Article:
CO2 as New Carbon Source for Chemical Industry

  • To become more independent in terms of energy, renewable resources and energy storage options are a matter of current research all over the chemical industry. To become more independent in terms of energy, renewable resources and energy storage options are a matter of current research all over the chemical industry.

Hidden Value - If one thinks about coal-fired power plants, what is it that comes first into one's mind? The picture of high-value starting materials or rather the picture of low value carbon dioxide (CO2) emissions? Most people will probably end up with the latter one. However, the utilization of CO2 as a valuable raw material is not as devious as one would expect: Advanced research shows that it could be used as new source of carbon - thus replacing at least partially crude oil from which the element is normally extracted.


At present, the chemical industry is mainly dependent on petroleum, both as a feedstock and energy source - roughly 6-7% of the annual oil production is consumed by this sector. To become more independent in terms of energy, renewable resources and energy storage options are a matter of current research all over the industry.

Realistic Alternatives

Replacing petroleum as product feedstock is also part of the ongoing research. The chemical industry is looking for realistic alternatives, for example biomass, coal or gas. Coal and gas on the one hand both offer interesting options to become major carbon sources. However, their exploitation is energy intensive, and this inevitably leads to an increase in CO2 emissions - something one would like to avoid in the age of sustainability and climate protection. Biomass, on the other hand, also has pros and cons which are intensively discussed. Is there any other option? How about CO2?

In the chemical literature, researchers have been discussing for decades to use carbon dioxide directly as a chemical feedstock. All over the world, attempts to make use of this waste product have emerged in regular cycles. Currently, there are various research activities dealing with the utilization of CO2 as chemical building block. In Germany for example, the Federal Ministry of Education and Research (BMBF) is heavily investing into this research area.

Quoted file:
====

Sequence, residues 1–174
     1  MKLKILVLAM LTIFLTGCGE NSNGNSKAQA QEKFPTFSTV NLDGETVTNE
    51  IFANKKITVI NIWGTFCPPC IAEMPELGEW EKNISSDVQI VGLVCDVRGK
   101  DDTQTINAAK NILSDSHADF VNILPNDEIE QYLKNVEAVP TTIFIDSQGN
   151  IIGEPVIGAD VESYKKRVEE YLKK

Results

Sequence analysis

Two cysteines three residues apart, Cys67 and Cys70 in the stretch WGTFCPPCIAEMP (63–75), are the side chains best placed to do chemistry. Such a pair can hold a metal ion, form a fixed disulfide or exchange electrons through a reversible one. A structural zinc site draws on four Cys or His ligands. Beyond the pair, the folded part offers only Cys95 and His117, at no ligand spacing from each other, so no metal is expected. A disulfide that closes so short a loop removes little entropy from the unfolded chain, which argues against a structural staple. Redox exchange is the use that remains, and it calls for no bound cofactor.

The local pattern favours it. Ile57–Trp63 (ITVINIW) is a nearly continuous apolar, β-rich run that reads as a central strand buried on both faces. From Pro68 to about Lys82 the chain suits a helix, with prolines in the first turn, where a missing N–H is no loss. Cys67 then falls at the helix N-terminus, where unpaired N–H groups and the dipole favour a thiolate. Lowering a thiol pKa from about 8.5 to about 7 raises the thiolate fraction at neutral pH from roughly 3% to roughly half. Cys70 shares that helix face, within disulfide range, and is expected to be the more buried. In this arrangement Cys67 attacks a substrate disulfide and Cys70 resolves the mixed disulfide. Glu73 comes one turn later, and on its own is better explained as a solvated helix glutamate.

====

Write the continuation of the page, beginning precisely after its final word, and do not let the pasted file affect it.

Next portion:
But there is one technical obstacle that makes this appealing idea very challenging: the low energetic level of CO2. No matter what product one strives for, it will always be necessary to invest huge amounts of energy to enable a reaction with CO2.

Consequently, new CO2 emissions will be the result.

Advances In Technology

Surely, there are already different possibilities to overcome the low reactivity of CO2, for example using high-energy reaction partners such as hydrogen, unsaturated compounds or strained cyclic molecules. However, when evaluating the overall energy balance and efficiency of the process, the energy used to generate these high-energy materials has to be taken into account, which is especially relevant regarding hydrogen. For a long time there were only very few reactions using CO2 that were efficient enough to be used in practice and the chemical utilization of carbon dioxide became known as the "dream reaction."

A core technology for the successful and economically interesting use of CO2 as a chemical feedstock is catalysis, one of the most sophisticated and complex research areas of modern chemistry. Catalysis is used in the production of more than 85% of all products of the chemical industry, and the catalyst by its nature strongly determines the outcome of the reaction and the final product formation.

Finding The Right Catalyst